Healthcare expenditure and technology use in pediatric diabetes care

Silvia A.G. de Vries*, Jessica C.G. Bak, Carianne L. Verheugt, Vincent A. Stangenberger, Dick Mul, Michel W.J.M. Wouters, Max Nieuwdorp, Theo C.J. Sas

*Corresponding author for this work

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Background: Diabetes mellitus is one of the most common chronic diseases in childhood. With more advanced care options including ever-evolving technology, allocation of resources becomes increasingly important to guarantee equal care for all. Therefore, we investigated healthcare resource utilization, hospital costs, and its determinants in Dutch children with diabetes. Methods: We conducted a retrospective, observational analysis with hospital claims data of 5,474 children with diabetes mellitus treated in 64 hospitals across the Netherlands between 2019–2020. Results: Total hospital costs were €33,002,652 per year, and most of these costs were diabetes-associated (€28,151,381; 85.3%). Mean annual diabetes costs were €5,143 per child, and treatment-related costs determined 61.8%. Diabetes technology significantly increased yearly diabetes costs compared to no technology: insulin pumps € 4,759 (28.7% of children), Real-Time Continuous Glucose Monitoring € 7,259 (2.1% of children), and the combination of these treatment modalities € 9,579 (27.3% of children). Technology use increased treatment costs significantly (5.9 – 15.3 times), but lower all-cause hospitalisation rates were observed. In all age groups, diabetes technology use influenced healthcare consumption, yet in adolescence usage decreased and consumption patterns changed. Conclusions: These findings suggest that contemporary hospital costs of children with diabetes of all ages are driven primarily by the treatment of diabetes, with technology use as an important additive factor. The expected rise in technology use in the near future underlines the importance of insight into resource use and cost-effectiveness studies to evaluate if improved outcomes balance out these short-term costs of modern technology.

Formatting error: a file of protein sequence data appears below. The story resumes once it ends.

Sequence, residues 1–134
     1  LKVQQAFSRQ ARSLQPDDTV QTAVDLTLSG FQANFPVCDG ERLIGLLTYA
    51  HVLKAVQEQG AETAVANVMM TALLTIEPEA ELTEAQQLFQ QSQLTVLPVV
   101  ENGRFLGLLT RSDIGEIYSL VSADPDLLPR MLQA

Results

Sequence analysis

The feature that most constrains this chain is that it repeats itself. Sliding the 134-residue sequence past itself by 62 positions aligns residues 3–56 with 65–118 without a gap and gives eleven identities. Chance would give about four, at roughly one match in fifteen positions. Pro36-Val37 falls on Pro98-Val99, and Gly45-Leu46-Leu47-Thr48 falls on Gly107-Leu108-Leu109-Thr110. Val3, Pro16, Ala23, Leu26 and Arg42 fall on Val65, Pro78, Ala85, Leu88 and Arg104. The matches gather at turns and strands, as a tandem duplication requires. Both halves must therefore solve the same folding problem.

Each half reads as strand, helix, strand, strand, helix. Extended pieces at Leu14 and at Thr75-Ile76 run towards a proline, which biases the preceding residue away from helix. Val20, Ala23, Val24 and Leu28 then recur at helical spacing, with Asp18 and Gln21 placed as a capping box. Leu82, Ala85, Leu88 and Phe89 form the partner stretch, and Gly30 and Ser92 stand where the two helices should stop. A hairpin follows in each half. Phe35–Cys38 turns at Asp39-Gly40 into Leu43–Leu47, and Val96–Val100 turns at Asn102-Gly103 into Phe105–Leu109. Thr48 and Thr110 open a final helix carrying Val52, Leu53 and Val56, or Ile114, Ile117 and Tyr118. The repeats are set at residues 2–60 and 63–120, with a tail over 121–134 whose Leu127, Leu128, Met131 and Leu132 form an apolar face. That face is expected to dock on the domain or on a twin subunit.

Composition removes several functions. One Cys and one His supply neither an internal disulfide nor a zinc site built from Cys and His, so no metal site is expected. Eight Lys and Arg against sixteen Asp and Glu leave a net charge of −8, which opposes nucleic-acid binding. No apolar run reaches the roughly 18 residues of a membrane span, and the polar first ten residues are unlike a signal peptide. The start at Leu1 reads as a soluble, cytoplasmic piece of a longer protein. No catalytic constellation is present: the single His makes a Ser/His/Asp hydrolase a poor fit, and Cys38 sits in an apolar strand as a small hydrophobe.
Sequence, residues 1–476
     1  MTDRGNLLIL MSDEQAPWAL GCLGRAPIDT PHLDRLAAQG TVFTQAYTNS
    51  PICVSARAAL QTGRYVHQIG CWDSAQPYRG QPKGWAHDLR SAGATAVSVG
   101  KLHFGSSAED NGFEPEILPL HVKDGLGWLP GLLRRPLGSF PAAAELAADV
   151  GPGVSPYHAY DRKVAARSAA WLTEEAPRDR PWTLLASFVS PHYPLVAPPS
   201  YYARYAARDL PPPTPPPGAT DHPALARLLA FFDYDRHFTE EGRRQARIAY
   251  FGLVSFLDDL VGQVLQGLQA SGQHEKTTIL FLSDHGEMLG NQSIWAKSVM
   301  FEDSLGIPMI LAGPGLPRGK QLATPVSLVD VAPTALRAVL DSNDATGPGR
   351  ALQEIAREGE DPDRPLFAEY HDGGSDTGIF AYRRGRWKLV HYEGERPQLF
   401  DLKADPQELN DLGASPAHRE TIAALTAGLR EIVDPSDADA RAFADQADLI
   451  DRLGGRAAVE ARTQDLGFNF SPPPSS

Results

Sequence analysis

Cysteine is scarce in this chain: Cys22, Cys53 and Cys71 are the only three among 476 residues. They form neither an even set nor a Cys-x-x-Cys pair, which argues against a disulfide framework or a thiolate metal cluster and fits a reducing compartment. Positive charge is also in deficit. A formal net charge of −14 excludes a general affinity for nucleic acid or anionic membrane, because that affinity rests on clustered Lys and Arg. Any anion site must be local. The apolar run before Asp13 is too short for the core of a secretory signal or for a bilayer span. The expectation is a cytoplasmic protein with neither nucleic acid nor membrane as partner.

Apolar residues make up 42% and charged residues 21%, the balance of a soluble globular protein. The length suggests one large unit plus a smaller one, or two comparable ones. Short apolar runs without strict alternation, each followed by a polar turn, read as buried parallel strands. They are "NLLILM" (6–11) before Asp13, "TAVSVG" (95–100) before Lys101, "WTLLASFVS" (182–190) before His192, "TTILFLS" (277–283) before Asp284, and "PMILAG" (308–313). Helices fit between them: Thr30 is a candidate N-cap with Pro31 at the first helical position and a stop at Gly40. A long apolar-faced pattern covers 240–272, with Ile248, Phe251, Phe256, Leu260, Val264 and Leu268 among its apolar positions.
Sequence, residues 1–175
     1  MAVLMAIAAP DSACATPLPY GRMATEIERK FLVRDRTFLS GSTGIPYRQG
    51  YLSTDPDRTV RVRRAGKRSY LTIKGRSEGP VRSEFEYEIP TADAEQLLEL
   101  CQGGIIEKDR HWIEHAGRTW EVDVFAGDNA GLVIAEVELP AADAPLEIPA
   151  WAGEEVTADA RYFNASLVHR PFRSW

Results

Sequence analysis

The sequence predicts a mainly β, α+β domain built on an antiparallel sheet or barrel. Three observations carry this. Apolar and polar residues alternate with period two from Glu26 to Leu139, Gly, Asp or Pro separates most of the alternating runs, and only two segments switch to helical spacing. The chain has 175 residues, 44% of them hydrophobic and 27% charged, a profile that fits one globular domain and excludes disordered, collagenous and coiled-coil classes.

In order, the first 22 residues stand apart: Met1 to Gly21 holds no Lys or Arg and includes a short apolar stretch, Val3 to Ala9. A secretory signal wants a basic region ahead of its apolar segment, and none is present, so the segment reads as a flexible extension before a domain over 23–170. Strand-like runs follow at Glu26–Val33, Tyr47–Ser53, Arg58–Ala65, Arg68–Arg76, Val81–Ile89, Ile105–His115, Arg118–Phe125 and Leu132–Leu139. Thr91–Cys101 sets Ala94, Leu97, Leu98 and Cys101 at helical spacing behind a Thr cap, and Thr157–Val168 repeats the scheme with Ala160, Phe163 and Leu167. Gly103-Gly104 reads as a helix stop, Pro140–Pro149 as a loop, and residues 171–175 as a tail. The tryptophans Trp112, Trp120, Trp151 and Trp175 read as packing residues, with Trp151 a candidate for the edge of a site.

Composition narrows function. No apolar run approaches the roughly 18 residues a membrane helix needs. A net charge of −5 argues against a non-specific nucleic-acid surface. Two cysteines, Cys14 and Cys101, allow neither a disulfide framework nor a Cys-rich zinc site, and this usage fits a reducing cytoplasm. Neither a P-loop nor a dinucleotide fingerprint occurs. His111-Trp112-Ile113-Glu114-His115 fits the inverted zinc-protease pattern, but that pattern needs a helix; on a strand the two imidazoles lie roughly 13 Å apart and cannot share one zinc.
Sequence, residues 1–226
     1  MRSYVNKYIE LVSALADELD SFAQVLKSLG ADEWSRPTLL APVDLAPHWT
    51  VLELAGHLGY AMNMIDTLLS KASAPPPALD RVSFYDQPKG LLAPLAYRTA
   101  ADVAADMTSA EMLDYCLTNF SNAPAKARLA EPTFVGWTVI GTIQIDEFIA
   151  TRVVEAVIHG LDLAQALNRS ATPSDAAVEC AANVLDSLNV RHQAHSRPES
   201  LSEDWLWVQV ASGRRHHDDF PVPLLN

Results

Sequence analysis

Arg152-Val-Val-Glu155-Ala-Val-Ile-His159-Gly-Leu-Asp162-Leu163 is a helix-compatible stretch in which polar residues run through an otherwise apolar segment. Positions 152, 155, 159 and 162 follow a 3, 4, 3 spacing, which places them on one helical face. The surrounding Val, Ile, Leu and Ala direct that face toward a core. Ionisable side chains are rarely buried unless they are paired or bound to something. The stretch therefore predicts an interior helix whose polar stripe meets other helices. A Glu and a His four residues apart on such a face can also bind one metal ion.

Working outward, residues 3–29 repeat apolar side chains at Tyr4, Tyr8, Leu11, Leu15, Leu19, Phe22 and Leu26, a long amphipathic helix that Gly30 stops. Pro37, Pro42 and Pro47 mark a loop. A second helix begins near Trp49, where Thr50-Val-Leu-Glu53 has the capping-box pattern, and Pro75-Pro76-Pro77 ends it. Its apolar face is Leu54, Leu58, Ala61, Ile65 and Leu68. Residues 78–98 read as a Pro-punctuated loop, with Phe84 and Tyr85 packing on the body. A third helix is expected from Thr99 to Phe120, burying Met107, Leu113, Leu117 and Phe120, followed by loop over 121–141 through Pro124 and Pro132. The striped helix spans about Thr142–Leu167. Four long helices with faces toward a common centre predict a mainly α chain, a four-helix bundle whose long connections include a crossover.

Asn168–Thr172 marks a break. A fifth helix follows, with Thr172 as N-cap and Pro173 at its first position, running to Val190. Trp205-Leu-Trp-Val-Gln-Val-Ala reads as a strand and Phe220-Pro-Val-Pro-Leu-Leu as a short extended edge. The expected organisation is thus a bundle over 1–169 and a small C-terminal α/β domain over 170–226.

Original languageEnglish
Article number72
JournalBMC Endocrine Disorders
Issue number1
Publication statusPublished - 7 Apr 2023

Bibliographical note

Funding Information:
MN is supported by a ZONMW VICI grant 2020 [09150182010020]. This had no influence on the study design or manuscript. The other authors did not receive specific funding for this project.

Publisher Copyright: © 2023, The Author(s).


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